I assumed the pastor would tell me that San Francisco is a hotbed of sin. Instead, we talked about his favorite restaurants and running routes. I assumed the pastor’s wife was a homemaker. Instead, I learned that she’s a stockbroker and has been since before it was a common profession for a woman. I assumed they left the South unwillingly. Instead, I learned that they fled from congregations whose members threatened him if he even contemplated integration. I assumed the pastor would have something negative to say about dining in a Muslim home next to a Jew. Instead, I learned that he represented the union of churches at the dedication of my childhood temple.

It was a valuable lesson and one that is still bouncing around my head and heart. I judged people based on what little I knew, just as I assumed they would judge me. It will never happen again.

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Letting Go

February 15, 2010 at 12:58 am (in my head)

Right now, on Valentine’s Day, here’s what I love:

My shirt smells like campfire.
My vegetable drawer is full.
My legs look like I’ve been dancing.

All things being equal, I choose my life.

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How green is my grass

February 9, 2010 at 5:32 pm (in my head)

I wrote something that would be password protected and I was about to post it when I noticed that all of the old password protected posts are openly accessible in my RSS feed. Does anyone know why this happens? And, more importantly, how I can fix it? I have things I need to share!…with those of you who email me for the password.

For only the second time in my life, I took my hair down from a hastily wrapped bun and had perfect beachy waves. If I wake up bare-faced one morning and look like I’m wearing perfect makeup-artist makeup, I will have made real the two most annoying cinematic beauty myths. I’m not going to hold my breath.

While we’re talking about things that have made me happy, I got some very real praise in dance class last night and it has put a little spring in my step. I guess Dirty Diana just speaks to me. Well that and I grew up in a studio where praise didn’t happen. Ever. Unless we lost weight. Which, come to think of it, was not unlike working for my first boss.

Also, what the heck is up with American men? From “news” coverage and Superbowl commercials it would seem that they’re in the midst of a deep existential crisis. Maybe they are, but I don’t buy it. I refuse to think that little of men. Or, to put it in terms the men portrayed in these clips would understand, dude! sack up.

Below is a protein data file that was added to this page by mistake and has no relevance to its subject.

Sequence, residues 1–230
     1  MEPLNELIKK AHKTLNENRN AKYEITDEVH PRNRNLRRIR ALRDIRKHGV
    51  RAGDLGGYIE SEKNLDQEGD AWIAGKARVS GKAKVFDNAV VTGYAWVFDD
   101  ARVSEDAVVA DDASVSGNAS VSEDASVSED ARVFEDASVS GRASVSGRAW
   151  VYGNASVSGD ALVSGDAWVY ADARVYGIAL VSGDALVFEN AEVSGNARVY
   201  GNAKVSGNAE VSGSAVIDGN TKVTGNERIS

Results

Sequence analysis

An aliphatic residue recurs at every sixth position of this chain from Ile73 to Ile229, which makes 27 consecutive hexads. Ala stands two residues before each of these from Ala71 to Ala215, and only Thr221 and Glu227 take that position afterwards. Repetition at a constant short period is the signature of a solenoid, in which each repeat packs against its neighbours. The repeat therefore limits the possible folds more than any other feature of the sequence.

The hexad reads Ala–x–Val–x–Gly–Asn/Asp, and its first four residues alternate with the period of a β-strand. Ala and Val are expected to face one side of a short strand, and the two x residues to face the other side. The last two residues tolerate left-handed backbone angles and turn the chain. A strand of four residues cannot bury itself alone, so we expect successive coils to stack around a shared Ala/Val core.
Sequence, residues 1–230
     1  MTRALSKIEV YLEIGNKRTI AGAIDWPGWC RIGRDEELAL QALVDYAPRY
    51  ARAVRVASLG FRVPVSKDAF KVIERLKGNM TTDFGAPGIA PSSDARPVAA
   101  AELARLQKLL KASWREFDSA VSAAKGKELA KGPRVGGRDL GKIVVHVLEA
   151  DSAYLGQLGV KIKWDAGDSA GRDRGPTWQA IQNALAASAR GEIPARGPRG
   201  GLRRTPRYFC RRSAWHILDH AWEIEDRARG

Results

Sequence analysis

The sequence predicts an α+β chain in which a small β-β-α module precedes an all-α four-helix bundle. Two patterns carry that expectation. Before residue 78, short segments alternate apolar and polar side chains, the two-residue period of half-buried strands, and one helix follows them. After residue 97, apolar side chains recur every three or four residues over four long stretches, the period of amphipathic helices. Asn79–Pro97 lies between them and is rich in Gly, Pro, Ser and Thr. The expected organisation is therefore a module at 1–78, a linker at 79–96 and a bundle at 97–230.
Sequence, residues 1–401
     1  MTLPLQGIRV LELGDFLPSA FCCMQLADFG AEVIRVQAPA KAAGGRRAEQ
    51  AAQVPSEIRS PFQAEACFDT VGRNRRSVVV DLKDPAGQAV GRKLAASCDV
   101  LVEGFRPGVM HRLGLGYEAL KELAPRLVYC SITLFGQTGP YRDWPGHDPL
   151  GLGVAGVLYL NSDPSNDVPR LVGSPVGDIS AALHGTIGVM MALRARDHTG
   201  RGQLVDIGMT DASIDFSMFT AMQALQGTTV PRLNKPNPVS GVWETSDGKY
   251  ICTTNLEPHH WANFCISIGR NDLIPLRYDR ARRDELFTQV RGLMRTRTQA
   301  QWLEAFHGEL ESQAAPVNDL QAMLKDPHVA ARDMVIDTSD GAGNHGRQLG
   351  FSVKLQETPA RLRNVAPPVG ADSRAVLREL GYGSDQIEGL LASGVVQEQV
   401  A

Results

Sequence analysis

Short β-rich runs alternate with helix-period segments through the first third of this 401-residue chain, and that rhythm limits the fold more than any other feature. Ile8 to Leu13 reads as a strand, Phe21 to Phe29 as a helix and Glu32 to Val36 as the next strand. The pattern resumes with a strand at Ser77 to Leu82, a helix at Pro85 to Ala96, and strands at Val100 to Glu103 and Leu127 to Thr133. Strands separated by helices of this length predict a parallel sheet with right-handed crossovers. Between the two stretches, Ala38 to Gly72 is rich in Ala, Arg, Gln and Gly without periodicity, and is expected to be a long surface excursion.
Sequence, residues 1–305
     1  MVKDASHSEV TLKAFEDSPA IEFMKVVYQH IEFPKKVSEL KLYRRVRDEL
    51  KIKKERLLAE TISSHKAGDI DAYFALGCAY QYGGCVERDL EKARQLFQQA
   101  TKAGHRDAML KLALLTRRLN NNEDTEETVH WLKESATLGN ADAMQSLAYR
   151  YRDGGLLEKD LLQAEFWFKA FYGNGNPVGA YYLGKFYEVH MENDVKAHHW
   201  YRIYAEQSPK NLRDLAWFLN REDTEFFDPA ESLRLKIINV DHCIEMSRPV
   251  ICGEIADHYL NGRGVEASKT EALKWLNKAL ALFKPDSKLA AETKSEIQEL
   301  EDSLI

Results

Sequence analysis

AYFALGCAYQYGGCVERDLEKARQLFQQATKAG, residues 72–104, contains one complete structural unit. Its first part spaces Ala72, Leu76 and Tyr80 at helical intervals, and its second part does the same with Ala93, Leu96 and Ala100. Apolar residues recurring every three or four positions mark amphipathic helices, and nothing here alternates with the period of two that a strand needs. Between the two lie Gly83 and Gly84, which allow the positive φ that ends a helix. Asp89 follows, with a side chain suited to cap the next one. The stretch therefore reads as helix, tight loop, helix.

And finally, the financial crisis has, as we knew it eventually would, hit close to home (no, no, not me!). A friend is now out of a job. As selfish as it sounds, I’d spent a good part of the last two months 80% happy for her and 20% jealous that she found Mr. Forever. This turn of events (which she resoundingly DOES NOT deserve) has been yet another reminder to appreciate what I have. And to buy her a beer.

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January 28, 2010 at 1:49 pm (in my head, plays well with others, the fam)

Dancing Roommate and I went to a favorite bar last night for a drink. Despite bone-deep fatigue and my own certainty that I’d regret the outing when my alarm went off at 6 am, I was having a good time. DR chatted with a slightly slow Tom Hanks-type and I made friends with the 6’7″ manboy to my left. I can’t say I was interested, but he seemed to be checking his Blackberry in a way that made it obvious he was uncomfortable at a bar alone.

We sat, we chatted, Tom Hanks bought us a second round. The manboy proceeded to get drunk.

Somewhere after his fifth beer (sixth? seventh?) he began to joke with the bartender and other patrons. Suddenly he busted out a “Don’t be Jewish about it, man” to someone, somewhere.

Now I grew up where this is typical. My high school boyfriend AND my high school best friend required some teaching to correct their ignorance, but in a stranger? I don’t handle it very well. That many beers in, I doubt manboy felt the icy chill coming from my direction (which only intensified when he proceeded to make fun of a British woman a few stools down for having “English teeth” — complete with a chipmunk-face immitation), but I didn’t see any reason to either address it or continue my conversation with him.

An hour later we were ready to leave and I called over the man behind the bar.

“I never paid for my first beer,” I said. Because preying on a bartender’s distraction is stealing.

“You’re so honest!” manboy interjected with a tone of incredulity.

“Well, it’s how I was raised,” I replied.

What I should have said was, “It’s because I’m Jewish.”